If you're already close to maxing out your credit cards, your credit score could jump 10 points or more when you pay off credit card balances completely. If you haven't used most of your available credit, you might only gain a few points when you pay off credit card debt. Yes, even if you pay off the cards entirely.

What kind of bills can you pay with a credit card? ›

The short answer is, entertainment and nonessentials can usually be paid with a credit card with no fees. Services, utilities, and taxes, can often be paid with a credit card but with a processing fee. Loan payments, are usually check or bank withdrawal payment only.

Is 700 a good credit score? ›

Your score falls within the range of scores, from 670 to 739, which are considered Good. The average U.S. FICO® Score, 714, falls within the Good range.

Do credit card companies like when you pay in full? ›

Yes, credit card companies do like it when you pay in full each month. In fact, they consider it a sign of creditworthiness and active use of your credit card. Carrying a balance month-to-month increases your debt through interest charges and can hurt your credit score if your balance is over 30% of your credit limit.

Is it better to pay with credit card or debit card? ›

“When in doubt, it's definitely safer and less risky to use credit in most cases.” Credit cards have other advantages, such as helping consumers build their credit scores. This can be accomplished by paying off your balance in full each month — something that debit cards can't offer.

Is it better to pay off a credit card or a bank loan? ›

Credit cards generally have higher interest rates than most types of loans do. That means it's best to prioritize paying off credit card debt to prevent interest from piling up.

Does using credit card to pay bills build credit? ›

Spending within your credit limit and paying your bills on time every single month are just a few ways you can improve your credit score, simply by using your credit card responsibly.

How much of a 500 dollar credit limit should I use? ›

You should aim to use no more than 30% of your credit limit at any given time. Allowing your credit utilization ratio to rise above this may result in a temporary dip in your score.

What is a good credit limit to have? ›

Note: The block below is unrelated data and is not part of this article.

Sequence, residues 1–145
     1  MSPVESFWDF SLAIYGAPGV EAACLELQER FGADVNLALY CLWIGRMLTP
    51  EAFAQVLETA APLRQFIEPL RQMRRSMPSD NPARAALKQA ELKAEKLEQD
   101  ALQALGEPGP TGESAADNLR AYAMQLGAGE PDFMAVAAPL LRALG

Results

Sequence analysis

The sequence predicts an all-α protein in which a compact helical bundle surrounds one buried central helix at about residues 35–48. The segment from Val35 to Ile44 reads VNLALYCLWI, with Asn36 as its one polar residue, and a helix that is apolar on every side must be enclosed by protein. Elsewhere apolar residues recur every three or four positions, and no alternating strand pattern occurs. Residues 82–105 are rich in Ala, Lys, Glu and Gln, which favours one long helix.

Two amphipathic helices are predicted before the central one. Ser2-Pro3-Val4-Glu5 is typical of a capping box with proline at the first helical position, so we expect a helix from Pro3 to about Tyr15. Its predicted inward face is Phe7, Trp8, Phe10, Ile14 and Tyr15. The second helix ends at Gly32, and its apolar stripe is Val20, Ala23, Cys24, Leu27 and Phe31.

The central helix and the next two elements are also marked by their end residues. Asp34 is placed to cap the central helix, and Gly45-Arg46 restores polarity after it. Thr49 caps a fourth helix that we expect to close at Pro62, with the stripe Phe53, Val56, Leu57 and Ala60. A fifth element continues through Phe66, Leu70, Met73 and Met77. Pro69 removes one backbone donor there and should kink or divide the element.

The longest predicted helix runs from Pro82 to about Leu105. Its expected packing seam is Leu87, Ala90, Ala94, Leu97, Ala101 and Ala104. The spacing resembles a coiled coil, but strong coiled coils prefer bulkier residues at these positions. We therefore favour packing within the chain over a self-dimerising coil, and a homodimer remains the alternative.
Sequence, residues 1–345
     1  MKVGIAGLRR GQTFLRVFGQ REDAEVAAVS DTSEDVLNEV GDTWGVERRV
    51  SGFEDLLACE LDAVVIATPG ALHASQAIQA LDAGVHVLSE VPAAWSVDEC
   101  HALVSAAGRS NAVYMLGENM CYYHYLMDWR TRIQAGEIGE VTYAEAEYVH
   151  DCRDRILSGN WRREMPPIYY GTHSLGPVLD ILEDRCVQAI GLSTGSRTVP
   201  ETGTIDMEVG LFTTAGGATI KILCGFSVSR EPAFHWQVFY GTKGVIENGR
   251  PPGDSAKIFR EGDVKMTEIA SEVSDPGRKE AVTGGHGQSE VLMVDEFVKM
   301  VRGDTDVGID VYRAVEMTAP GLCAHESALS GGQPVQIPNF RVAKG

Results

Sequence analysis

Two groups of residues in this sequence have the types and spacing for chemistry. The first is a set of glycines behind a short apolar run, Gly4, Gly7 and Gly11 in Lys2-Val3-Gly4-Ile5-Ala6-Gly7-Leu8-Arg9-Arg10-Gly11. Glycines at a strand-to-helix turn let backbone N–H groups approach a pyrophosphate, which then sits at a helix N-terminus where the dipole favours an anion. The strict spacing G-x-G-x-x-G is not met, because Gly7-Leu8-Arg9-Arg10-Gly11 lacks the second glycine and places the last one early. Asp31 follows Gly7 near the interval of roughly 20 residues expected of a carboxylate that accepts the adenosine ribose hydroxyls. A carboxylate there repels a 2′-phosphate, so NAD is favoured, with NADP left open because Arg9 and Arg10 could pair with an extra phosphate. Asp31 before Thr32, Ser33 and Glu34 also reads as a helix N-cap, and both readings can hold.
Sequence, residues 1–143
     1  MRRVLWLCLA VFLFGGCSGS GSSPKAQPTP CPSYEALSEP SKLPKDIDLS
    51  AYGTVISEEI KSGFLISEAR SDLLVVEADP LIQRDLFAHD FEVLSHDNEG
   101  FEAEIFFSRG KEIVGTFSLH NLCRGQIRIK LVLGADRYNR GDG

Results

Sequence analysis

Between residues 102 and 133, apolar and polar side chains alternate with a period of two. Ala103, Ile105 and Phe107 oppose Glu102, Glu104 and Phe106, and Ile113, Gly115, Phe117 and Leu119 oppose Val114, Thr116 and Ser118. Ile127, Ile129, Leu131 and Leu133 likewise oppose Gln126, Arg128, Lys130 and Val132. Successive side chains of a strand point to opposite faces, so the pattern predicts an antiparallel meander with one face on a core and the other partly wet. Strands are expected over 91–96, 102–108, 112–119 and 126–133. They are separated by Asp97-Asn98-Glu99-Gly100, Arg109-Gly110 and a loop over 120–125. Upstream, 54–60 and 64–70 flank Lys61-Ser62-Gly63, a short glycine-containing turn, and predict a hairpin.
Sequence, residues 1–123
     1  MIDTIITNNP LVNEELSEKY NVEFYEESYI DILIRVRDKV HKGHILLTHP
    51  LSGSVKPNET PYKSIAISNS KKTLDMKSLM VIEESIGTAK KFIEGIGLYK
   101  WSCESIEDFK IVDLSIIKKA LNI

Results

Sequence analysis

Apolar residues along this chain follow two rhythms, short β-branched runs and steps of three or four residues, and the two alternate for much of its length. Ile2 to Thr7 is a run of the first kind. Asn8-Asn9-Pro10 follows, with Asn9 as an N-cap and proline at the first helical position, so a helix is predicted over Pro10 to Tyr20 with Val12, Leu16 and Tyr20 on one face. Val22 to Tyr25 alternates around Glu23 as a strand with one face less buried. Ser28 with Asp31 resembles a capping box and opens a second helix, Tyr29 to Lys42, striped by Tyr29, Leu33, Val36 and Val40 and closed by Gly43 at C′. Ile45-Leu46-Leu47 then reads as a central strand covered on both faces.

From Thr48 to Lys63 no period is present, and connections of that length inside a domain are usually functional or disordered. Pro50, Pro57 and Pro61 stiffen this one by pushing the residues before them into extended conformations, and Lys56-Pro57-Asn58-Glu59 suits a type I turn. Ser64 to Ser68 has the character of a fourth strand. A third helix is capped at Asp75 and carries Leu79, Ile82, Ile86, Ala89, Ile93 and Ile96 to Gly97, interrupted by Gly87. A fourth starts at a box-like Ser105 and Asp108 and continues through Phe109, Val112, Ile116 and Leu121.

A good credit limit is above $30,000, as that is the average credit card limit, according to Experian. To get a credit limit this high, you typically need an excellent credit score, a high income and little to no existing debt. What qualifies as a good credit limit differs from person to person, though.

How much of a $300 credit limit should I use? ›

A good guideline is the 30% rule: Use no more than 30% of your credit limit to keep your debt-to-credit ratio strong. Staying under 10% is even better. In a real-life budget, the 30% rule works like this: If you have a card with a $1,000 credit limit, it's best not to have more than a $300 balance at any time.

What is the trick to paying off credit cards? ›

The 3 most common credit card payoff strategies
  1. Paying only the minimum. The least aggressive debt payoff method is making only the minimum payments. ...
  2. Paying more than the minimum. Paying more than the monthly minimum helps accelerate your debt payoff and is a more active approach. ...
  3. Using a balance transfer credit card.

How much is too much of balance on credit card? ›

If your total balance is more than 30% of the total credit limit, you may be in too much debt. Some experts consider it best to keep credit utilization between 1% and 10%, while anything between 11% and 30% is typically considered good.

What bills should be paid off first? ›

With the debt avalanche method, you order your debts by interest rate, with the highest interest rate first. You pay minimum payments on everything while attacking the debt with the highest interest rate. Once that debt is paid off, you'll move to the one with the next-highest interest rate . . .

Will my credit score go up if I pay my bill? ›

Paying off credit card debt is smart, whether you zero out your balance every month or are finally done paying down debt after months or years. And as you might expect, it will affect your credit score. Whether you are chipping away at a balance or eliminating it with one big payment, your score will likely go up.

Why does my credit score drop when I pay off a credit card? ›

Why credit scores can drop after paying off a loan. Credit scores are calculated using a specific formula and indicate how likely you are to pay back a loan on time. But while paying off debt is a good thing, it may lower your credit score if it changes your credit mix, credit utilization or average account age.